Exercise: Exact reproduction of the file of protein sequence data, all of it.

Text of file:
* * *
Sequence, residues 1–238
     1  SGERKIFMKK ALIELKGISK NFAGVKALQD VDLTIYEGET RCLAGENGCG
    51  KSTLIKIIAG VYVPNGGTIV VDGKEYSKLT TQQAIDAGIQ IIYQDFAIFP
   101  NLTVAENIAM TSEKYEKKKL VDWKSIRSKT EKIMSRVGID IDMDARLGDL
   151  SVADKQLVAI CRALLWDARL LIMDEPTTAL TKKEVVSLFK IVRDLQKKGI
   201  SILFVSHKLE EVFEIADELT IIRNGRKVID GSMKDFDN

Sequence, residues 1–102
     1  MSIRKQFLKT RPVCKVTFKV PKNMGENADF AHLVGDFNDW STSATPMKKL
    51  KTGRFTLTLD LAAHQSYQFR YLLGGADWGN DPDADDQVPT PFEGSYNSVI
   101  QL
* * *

Sequence, residues 1–238
     1  SGERKIFMKK ALIELKGISK NFAGVKALQD VDLTIYEGET RCLAGENGCG
    51  KSTLIKIIAG VYVPNGGTIV VDGKEYSKLT TQQAIDAGIQ IIYQDFAIFP
   101  NLTVAENIAM TSEKYEKKKL VDWKSIRSKT EKIMSRVGID IDMDARLGDL
   151  SVADKQLVAI CRALLWDARL LIMDEPTTAL TKKEVVSLFK IVRDLQKKGI
   201  SILFVSHKLE EVFEIADELT IIRNGRKVID GSMKDFDN

Sequence, residues 1–102
     1  MSIRKQFLKT RPVCKVTFKV PKNMGENADF AHLVGDFNDW STSATPMKKL
    51  KTGRFTLTLD LAAHQSYQFR YLLGGADWGN DPDADDQVPT PFEGSYNSVI
   101  QL